No deal...so it seems.
Boxing fans will have to wait a little longer -- maybe a lot longer for the highly-anticipated fight between three-belt heavyweight titleholder Anthony Joshua (four if you count the IBO) and WBC titlist Deontay Wilder for the undisputed heavyweight championship.
On Monday evening, Joshua's promoter Eddie Hearn, of Matchroom Sport, made an offer to Al Haymon, Wilder's adviser, for a fight. According to multiple reports, the 2008 Olympic bronze medalist was offered $12.5 million, but nothing more. No pay-per-view revenue, sales, nothing. It is a flat fee. Take it or leave it is the popular saying.
Sources with knowledge of the situation reporting exclusively to FightNights.com say Wilder's team was insulted by the "bogus" offer, and have "nothing to say."
Wilder promoter Lou DiBella would not confirm the existence of the offer, but did not deny it.
So far, the undefeated Wilder (40-0, 39 KO's), 32, of Tuscaloosa, Alabama, has not explicitly commented on these reports. However, he may have been hinting about the deal in an Instagram post Tuesday afternoon.
"It’s obvious at this point 40-0 w/39ko’s they don’t want no smoke," Wilder said, likely referring to Joshua and Hearn.
"At some point in life a boy must detach his lips from mum nipples and become a man, I’m just saying."
The super fight could make anywhere from $80 to $100 million. That is just an estimate.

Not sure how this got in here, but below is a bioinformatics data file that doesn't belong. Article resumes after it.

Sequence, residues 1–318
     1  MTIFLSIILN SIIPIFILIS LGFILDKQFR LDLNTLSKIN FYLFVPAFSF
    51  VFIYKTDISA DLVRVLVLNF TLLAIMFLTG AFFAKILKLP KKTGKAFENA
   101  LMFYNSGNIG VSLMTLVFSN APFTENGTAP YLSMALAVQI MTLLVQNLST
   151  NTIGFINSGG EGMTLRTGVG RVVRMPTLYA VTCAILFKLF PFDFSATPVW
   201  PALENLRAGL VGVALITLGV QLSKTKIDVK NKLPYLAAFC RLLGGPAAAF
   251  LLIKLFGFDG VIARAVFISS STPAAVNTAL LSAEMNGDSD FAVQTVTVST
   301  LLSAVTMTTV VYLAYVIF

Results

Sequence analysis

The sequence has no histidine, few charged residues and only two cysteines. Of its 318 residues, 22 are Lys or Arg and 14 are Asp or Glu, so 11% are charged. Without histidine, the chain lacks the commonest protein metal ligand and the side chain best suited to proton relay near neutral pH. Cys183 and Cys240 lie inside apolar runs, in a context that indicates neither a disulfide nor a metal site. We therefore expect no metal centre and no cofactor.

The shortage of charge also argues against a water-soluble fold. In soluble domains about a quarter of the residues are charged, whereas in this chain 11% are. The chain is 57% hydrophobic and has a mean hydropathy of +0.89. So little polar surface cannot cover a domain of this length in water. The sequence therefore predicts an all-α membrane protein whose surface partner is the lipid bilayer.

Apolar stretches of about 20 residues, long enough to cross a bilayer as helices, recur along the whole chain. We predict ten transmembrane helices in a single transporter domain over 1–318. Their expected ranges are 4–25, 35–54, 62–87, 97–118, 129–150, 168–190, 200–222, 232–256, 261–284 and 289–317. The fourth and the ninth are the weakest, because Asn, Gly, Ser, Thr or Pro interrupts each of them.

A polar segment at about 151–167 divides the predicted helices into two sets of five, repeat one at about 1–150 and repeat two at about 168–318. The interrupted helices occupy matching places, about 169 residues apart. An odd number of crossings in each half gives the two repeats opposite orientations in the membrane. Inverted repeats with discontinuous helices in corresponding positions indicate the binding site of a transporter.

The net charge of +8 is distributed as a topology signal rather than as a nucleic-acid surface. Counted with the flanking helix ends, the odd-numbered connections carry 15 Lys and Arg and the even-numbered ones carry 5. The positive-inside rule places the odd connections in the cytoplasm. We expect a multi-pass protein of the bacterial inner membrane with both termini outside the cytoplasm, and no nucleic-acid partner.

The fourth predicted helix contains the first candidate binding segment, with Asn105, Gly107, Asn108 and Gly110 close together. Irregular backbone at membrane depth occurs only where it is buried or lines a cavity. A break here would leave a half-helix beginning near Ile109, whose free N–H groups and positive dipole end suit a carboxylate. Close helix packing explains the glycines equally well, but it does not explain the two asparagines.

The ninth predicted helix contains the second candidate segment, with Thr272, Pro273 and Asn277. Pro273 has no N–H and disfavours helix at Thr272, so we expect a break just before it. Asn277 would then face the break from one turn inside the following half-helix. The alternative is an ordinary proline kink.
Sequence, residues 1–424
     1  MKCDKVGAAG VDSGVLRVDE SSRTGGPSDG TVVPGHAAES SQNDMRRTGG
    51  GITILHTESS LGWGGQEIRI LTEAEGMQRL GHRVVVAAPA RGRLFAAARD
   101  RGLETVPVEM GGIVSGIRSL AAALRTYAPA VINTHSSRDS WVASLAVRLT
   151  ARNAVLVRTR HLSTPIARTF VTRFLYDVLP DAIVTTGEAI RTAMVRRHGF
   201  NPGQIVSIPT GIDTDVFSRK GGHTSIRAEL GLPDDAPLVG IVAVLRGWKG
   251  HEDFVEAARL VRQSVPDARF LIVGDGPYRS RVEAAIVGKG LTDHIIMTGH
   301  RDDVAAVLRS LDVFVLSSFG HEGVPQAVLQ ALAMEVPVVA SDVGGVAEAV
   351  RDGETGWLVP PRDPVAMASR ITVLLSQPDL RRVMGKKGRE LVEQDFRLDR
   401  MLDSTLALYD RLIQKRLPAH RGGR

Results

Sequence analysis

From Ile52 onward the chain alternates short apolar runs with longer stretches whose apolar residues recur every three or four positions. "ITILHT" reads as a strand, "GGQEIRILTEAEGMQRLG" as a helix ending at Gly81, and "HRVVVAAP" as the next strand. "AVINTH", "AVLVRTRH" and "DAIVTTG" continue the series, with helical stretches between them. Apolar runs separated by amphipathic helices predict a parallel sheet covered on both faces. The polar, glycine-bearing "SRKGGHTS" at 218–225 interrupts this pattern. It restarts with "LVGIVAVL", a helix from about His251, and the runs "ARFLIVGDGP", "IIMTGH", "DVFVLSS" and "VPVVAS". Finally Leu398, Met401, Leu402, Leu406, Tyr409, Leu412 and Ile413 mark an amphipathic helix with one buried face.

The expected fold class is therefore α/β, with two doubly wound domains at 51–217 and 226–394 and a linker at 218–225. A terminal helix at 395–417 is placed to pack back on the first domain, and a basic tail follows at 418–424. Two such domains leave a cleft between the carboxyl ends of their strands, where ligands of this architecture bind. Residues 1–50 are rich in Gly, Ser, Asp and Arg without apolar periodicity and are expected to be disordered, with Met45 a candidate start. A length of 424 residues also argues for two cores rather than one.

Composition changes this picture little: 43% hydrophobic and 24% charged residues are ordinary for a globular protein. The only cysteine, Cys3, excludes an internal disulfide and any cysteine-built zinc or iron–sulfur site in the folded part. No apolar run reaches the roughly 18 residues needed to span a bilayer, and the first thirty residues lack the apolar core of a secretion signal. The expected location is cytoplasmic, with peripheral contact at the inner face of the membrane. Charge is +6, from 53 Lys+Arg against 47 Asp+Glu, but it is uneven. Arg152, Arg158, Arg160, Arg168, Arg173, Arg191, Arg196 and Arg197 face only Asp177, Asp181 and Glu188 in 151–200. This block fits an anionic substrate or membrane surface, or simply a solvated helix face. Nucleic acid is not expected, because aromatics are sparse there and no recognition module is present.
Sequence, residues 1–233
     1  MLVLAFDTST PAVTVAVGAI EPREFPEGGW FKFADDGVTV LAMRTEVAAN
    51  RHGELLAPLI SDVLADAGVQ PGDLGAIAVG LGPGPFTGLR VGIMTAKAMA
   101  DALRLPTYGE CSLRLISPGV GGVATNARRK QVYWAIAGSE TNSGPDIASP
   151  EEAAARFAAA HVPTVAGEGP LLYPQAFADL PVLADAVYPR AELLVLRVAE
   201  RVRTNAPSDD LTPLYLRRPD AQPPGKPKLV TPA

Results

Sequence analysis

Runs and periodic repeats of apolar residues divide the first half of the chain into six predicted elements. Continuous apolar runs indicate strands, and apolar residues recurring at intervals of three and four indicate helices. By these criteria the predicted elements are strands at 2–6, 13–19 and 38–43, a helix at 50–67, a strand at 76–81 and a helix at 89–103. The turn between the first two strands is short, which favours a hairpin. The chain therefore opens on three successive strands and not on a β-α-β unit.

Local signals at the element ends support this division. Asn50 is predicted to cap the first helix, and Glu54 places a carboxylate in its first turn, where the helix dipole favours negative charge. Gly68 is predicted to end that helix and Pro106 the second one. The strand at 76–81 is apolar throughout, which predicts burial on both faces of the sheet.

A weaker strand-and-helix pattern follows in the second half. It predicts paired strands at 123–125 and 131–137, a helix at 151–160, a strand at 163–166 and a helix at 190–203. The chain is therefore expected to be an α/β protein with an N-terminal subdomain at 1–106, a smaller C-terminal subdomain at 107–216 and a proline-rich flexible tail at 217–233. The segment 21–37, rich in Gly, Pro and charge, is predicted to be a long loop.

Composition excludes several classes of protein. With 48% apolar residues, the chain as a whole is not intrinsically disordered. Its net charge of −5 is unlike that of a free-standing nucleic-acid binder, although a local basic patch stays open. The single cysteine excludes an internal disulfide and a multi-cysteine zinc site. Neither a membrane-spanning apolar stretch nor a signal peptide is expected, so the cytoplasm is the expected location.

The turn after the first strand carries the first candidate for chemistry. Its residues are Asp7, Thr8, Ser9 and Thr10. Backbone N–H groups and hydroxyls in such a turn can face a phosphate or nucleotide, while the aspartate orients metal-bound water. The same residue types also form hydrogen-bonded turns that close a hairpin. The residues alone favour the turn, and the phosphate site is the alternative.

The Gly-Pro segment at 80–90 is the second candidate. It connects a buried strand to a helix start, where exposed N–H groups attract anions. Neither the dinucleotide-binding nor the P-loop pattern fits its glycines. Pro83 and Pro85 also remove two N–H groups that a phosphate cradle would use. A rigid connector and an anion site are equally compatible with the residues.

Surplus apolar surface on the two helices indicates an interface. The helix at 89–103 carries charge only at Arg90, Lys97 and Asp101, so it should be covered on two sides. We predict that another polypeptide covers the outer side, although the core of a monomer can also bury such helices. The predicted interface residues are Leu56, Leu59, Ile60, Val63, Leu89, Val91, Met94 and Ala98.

Let's say the bout makes $80 million. Based on our calculations, that is approximately an 85-15 split of the money. If the fight makes $100 million, which could be a bit of a stretch, but time will tell, that is closer to a 90-10 split.
The unbeaten Joshua won a third heavyweight title belt with his victory over Parker on March 31 in Cardiff, but his 100 percent knockout record was snapped, going the distance for the first time in his professional career. The bout did have its moments, but it was not the most scintillating affair.
Joshua-Parker had a peak audience of 379,000, which was less than Saturday's main event of a Showtime-televised tripleheader in Las Vegas, Erislandy Lara vs. Jarrett Hurd, which drew a peak audience of 521,000.
Wilder's last fight on March 3, an exhilarating 10th-round knockout of former interim titlist Luis Ortiz, had a peak audience of 1.2 million viewers. However, as far as live audience is concerned, the advantage belongs to Joshua. Over his last three fights, the 2012 Olympic gold medalist has averaged around 82,000 tickets sold.
Joshua is clearly the A-side, but an 85-15 split is a sign that Hearn is not serious about making the fight happen -- at least not yet. Keep in mind, middleweights Canelo Alvarez and Gennady Golovkin went through a similar episode prior to their September 2017 fight at T-Mobile Arena in Las Vegas. Golden Boy Promotions, who represents Canelo, offered GGG a flat fee, but Golovkin's management pushed for a 40 percent cut of the money.
Wilder has said he is willing to travel to the UK to square off against Joshua, but for 10 to 15 percent of the money? That is a slap in the face more than anything.
Sorry fans, but Joshua-Wilder is not happening anytime soon.
Sources tell FightNights.com that undefeated world title contender Jarrell "Big Baby" Miller (20-0-1, 18 KO's) could get a shot at Joshua in the near future. Miller is ranked the No. 3. contender by three different sanctioning bodies, including the WBA, IBF, and the WBO.